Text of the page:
Samuel J. Parker, Jr., AICP Chairman Prince George’s County Planning Board

Plan Contents Setting the Stage

The Purpose of the Sector Plan Plan Area and Regional Setting

1 2

Planning Context 1997 Maryland Smart Growth and Neighborhood Conservation Act One Maryland: Smart, Green, and Growing 2002 Prince George’s County Approved General Plan 1994 Bladensburg-New Carrollton and Vicinity Master Plan and Sectional Map Amendment Other Planning Initiatives

2

The Purple Line

5

Relevant Infrastructure Studies 2005 Approved Countywide Green Infrastructure Plan 2008 Approved Public Safety Facilities Master Plan 2009 Approved Countywide Master Plan of Transportation

6 6 6 6

2 2 3 4 4

Existing Conditions Community and Corridor Profile

7

Development Pattern, Land Use, and Zoning Introduction Existing Land Use Existing Zoning

8 8 8 11

Infrastructure Elements Environmental Infrastructure Transportation Systems Public Facilities Parks and Recreation

11 11 14 20 23

Economic Development and Housing Economic Development: Market Context and Analysis Housing

24 24 26

Central Annapolis Road Opportunities Assets

27 27

Challenges Opportunities

27 27

Public Involvement Planning Process Public Meetings Kick-Off Meeting and Listening Session Planning and Design Workshop Presentation of Draft Recommendations Presentation of Preliminary Recommendations and Action Plan

29 30 30 31 32 33

Vision for the Corridor Vision: The Road Vision: The Corridor Vision: The Community

36 37 38

From Vision to Concept Central Annapolis Road’s four subareas

39

The Plan Concept Area A: Transit-Oriented Development at Annapolis Road and Veterans Parkway Area B: Single-Family, Residential Neighborhood Area C: Mixed-Use Transition Area Area D: Retail Center around Capital Plaza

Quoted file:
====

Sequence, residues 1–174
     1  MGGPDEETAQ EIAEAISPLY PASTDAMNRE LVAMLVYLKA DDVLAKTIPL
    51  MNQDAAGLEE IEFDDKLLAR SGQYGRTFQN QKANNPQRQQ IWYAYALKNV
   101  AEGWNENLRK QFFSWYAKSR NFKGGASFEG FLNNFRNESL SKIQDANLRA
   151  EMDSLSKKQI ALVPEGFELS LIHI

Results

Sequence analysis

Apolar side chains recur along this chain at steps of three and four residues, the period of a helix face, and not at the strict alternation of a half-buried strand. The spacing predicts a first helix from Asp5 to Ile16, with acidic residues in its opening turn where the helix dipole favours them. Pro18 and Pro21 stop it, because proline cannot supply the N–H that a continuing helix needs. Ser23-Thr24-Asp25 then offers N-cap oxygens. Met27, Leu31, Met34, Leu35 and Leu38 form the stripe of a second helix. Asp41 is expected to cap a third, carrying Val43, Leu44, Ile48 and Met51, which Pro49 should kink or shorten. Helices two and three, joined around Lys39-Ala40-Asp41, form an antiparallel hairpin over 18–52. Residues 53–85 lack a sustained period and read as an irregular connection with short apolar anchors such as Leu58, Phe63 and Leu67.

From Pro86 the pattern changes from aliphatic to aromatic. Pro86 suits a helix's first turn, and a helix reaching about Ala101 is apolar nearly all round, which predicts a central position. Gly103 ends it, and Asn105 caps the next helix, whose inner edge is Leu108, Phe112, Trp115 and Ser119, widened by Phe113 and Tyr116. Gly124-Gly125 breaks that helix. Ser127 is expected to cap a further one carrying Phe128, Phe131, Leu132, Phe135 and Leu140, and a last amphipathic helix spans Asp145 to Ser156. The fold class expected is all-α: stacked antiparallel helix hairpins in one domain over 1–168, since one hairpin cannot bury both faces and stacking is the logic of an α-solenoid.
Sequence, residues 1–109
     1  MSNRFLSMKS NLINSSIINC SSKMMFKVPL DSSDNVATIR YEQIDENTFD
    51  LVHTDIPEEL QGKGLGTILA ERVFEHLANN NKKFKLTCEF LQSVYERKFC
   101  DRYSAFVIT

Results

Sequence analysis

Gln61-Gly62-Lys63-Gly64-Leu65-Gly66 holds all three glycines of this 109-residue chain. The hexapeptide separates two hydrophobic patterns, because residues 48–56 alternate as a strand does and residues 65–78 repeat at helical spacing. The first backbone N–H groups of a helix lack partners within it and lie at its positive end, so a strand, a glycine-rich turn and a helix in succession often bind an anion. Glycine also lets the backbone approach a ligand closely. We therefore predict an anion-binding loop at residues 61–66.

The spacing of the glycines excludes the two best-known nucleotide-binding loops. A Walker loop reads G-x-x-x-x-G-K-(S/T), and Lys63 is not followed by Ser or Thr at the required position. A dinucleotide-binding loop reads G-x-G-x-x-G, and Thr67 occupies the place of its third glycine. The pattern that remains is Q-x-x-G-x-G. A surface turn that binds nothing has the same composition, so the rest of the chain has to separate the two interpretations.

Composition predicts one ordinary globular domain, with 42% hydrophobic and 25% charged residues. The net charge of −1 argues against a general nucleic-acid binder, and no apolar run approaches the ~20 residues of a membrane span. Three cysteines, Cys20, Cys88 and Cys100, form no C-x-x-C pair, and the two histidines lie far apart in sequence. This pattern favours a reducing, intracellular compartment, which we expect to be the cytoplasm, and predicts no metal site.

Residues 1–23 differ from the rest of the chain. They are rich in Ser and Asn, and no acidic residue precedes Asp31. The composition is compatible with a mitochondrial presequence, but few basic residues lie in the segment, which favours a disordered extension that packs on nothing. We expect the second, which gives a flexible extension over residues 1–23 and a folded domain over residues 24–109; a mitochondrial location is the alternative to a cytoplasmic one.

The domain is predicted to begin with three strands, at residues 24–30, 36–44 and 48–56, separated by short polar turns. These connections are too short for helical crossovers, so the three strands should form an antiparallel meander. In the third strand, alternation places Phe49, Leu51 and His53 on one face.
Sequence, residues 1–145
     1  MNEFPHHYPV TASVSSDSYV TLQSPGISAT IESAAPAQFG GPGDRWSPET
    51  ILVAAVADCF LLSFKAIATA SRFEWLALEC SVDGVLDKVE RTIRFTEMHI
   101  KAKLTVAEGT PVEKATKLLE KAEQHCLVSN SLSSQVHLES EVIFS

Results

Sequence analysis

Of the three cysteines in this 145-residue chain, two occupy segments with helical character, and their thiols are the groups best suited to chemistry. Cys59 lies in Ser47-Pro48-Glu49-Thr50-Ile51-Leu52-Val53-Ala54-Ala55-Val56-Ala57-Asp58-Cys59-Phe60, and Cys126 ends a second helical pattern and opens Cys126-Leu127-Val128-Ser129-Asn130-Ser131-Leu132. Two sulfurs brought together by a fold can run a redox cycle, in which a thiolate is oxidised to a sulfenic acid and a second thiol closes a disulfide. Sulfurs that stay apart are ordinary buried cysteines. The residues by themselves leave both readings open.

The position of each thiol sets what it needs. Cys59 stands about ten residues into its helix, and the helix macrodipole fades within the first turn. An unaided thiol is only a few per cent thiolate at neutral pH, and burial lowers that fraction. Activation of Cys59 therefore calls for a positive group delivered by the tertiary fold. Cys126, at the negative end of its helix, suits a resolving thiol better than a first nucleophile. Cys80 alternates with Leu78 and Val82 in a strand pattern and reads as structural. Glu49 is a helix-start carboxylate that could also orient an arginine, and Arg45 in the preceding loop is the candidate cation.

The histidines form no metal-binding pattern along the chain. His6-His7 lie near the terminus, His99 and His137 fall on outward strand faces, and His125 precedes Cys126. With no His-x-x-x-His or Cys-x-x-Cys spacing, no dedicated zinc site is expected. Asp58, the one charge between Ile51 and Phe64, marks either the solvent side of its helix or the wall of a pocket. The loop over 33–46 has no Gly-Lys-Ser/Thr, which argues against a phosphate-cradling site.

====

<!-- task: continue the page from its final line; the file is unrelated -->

41 41 41 41 41

From Concept to Plan Introduction 43 Vision 45 Roadway 46 Guiding General Plan and Master Plan of Transportation Policies 46 Goals 46 Strategies 47


Pedestrian Mobility, Trails, and Bikeways Guiding General Plan and Master Plan of Transportation Policies Goals Strategies

51 51 51 51

Transit 52 Guiding General Plan and Master Plan of Transportation Policies 52 Goals 52 Strategies 52 Character Area A: Glenridge Transit Village Vision Economic Positioning Guiding General Plan Policies Land Use Infrastructure Urban Design Economic Development Housing Glenridge Transit Village Composite

58 58 58 61 61 63 66 68 68 68

Character Area B: Existing Residential Neighborhoods Vision Guiding General Plan Policies Land Use Infrastructure Urban Design Economic Development Housing

77 77 77 78 78 79 79 80

Character Area C: Mixed-Use Transition Vision Guiding General Plan Policies Land Use Infrastructure Urban Design Economic Development Housing Mixed-Use Transition Area Composite

80 80 80 80 82 84 85 85 85

Character Area D: Retail Town Center Vision Economic Positioning Guiding General Plan Policies Land Use Infrastructure Economic Development Housing Retail Town Center Composite